Is My Profit the Same as Yours?
By Stuart Thomson, Managing Director, Johnsons Chartered Accountants
Profitability has a direct impact on investment decisions. However different measuring standards mean that not all profit is necessarily equal. And how do risk factors affect the bottom line?
So what is profit? Well, accountants will tell you it’s the amount generated in a fixed period, which is available for shareholders. Which accounting standards are being used to express profit? Are we saying that US businesses using US GAAP are different to, say, UK businesses using UK GAAP just because of the application of accounting rules? The accounting standard bodies have been sufficiently concerned about this issue that they created IFRS (a set of international accounting standards). Others will say profit is a function of value or vice versa. But what is included? EBIT or EBITDA. or … ?
Does it really matter? Well, yes and no. Based on the accountant’s definition at the top of this article, it’s fairly black and white. The accountant’s definition takes account of local rules and different accounting standards. But it can also be misleading, because businesses are commonly valued based on their enterprise value (EV) less their debt, to get shareholder value. (Let’s not get into the definition of debt!). A good valuation of equity will make appropriate adjustments for local rules and different accounting standards. Why? Well because the two identical business that operate in different countries using different accounting standards are still identical businesses.
So why does the definition of profit matter if valuers just make black box adjustments to profit anyway? It matters because good business managers drive shareholder value by two means – profit and capital structure. Both are linked, but at their essence they are very different. Capital structure deals with who gets what out of the return of the business’s assets – that includes interest and loan repayments. Profit is about the financial operating performance – crudely, sales less costs.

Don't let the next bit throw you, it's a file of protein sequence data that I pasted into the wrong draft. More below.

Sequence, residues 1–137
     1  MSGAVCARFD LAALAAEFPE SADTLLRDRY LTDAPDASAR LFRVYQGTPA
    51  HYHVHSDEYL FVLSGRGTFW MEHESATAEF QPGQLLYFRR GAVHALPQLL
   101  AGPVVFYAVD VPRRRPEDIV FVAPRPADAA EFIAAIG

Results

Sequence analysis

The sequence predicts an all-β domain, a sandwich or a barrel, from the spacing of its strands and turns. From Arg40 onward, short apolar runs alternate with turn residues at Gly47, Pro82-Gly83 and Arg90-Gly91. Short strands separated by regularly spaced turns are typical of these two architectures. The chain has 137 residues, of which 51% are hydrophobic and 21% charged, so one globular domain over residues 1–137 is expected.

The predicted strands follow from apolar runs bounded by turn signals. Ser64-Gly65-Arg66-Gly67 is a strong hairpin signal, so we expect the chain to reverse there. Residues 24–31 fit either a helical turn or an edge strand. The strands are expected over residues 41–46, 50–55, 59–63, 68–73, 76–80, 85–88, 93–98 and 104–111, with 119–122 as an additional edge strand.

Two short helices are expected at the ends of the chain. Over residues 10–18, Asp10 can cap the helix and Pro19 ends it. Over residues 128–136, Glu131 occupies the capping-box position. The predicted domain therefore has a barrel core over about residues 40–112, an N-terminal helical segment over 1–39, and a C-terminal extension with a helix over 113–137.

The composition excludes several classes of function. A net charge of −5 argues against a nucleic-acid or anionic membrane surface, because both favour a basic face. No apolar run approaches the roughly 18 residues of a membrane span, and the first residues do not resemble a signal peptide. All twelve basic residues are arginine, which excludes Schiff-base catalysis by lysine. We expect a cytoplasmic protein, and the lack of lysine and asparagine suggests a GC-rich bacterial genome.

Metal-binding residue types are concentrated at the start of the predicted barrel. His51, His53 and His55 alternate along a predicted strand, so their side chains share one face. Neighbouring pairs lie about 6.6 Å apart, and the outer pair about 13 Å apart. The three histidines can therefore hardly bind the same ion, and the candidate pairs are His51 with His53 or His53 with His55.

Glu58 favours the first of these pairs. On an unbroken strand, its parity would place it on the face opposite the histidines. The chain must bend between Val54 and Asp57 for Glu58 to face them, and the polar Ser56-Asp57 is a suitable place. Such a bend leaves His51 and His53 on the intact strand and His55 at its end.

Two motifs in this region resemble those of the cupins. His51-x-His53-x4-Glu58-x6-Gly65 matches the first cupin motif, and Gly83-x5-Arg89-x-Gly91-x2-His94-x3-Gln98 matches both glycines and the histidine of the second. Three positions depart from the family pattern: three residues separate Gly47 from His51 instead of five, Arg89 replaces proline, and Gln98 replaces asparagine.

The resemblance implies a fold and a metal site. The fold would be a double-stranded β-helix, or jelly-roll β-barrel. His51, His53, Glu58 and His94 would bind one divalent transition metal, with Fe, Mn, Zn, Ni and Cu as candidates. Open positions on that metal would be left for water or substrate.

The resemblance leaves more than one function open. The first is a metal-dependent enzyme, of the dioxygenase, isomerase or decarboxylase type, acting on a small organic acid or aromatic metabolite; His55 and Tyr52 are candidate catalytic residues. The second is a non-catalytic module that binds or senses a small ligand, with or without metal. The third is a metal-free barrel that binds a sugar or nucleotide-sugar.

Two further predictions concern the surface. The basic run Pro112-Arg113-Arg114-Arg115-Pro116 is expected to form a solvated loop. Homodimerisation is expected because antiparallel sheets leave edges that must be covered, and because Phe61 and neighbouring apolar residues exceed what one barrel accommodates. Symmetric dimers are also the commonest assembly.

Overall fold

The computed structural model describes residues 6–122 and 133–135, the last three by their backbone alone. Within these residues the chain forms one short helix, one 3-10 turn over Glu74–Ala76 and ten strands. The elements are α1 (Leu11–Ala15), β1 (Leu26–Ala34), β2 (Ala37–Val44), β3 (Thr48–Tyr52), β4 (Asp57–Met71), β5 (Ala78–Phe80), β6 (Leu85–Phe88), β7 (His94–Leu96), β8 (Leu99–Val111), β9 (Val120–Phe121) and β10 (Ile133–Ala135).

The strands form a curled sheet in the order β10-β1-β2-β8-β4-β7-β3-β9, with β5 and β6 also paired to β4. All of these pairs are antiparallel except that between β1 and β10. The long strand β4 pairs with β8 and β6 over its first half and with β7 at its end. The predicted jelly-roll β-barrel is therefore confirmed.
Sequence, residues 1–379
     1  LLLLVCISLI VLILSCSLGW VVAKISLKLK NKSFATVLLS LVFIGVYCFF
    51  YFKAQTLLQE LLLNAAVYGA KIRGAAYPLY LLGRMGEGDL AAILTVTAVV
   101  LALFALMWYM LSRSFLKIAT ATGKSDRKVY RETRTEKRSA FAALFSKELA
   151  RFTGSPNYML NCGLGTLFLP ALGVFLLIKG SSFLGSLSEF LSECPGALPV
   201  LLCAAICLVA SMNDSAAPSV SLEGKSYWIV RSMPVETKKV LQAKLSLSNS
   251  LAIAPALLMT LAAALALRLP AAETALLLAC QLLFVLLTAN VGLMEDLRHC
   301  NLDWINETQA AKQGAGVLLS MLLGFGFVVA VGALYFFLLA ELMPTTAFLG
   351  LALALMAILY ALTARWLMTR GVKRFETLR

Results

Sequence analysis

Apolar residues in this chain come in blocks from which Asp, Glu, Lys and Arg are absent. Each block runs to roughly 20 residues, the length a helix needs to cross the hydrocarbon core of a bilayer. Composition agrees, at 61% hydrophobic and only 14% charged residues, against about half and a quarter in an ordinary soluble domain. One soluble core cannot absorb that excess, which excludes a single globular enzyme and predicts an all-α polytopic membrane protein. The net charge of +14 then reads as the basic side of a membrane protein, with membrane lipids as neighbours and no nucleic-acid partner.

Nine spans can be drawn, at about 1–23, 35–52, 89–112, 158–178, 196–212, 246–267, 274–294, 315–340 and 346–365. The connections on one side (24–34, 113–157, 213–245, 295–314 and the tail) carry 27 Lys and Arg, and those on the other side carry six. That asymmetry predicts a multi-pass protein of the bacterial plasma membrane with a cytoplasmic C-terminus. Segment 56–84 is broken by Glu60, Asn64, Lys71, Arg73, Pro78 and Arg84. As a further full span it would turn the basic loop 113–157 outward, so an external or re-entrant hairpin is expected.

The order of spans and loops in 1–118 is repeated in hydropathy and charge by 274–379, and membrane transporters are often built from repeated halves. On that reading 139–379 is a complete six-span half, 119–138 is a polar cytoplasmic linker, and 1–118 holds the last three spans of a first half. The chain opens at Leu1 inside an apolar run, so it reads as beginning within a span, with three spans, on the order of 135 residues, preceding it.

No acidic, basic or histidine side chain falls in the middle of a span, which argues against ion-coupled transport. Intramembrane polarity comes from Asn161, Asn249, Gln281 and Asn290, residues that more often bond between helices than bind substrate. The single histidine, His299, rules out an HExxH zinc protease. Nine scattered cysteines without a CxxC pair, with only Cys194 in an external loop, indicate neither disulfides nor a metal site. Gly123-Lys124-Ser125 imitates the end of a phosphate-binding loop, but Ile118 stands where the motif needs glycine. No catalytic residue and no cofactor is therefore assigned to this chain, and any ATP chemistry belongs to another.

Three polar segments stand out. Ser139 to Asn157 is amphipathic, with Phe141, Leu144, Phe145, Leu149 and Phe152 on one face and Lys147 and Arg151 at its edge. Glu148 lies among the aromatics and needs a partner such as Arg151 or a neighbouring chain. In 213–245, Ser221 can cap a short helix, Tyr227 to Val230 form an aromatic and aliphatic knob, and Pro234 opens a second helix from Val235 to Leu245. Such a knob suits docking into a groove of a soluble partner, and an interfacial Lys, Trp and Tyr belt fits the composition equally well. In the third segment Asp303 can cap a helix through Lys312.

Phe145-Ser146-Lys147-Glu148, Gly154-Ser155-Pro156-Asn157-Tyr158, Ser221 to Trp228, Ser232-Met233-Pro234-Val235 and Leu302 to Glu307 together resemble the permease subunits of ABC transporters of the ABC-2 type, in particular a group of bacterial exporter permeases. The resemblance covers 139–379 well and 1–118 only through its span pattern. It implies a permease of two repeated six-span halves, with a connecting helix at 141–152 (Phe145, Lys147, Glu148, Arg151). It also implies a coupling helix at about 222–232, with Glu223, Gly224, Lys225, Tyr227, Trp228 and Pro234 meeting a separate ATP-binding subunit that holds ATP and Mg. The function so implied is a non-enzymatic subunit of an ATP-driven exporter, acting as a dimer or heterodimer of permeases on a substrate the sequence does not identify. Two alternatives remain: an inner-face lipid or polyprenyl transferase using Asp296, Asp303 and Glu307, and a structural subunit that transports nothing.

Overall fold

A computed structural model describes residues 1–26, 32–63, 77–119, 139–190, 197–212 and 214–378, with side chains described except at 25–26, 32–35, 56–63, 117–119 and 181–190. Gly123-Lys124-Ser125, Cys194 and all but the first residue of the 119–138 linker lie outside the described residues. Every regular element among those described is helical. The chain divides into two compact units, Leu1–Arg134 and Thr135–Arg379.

But these two things miss one very important aspect to shareholder value. What is the difference between:
(1) a utility company whose return is broadly regulated to provide a standard return on capital and following its population’s change in wealth; and
(2) gambling at a casino playing heads or tails where the odds are 2:1.
The difference is risk and, more accurately, risk-adjusted expected return. I would expect to get my money back at the casino but I’m risking it all on a 50:50 bet. The utility investor has the regulator to thank for the fact that its intervention will mean standard performance (not stellar but it shouldn’t be a write-off either). Risk is a key determinant of value.
So how does risk affect profit? It’s doesn’t directly. But over time, risk will create greater volatility in returns and, as an investor, if the expected return is the same you can choose to gamble to buy on a down turn, or play it safe with a steady investment. It all depends on your risk appetite.
So how do business managers cope with investors’ objectives when they are largely unknown? In part, it’s about transparency. Discussions with investors explain where you see opportunity (ie, risk of upside/downside) and where things are stable. These communications allow investors to decide capitalisation rates and determine the profit adjustments they need in order to assess value and, in essence, vote on the plans.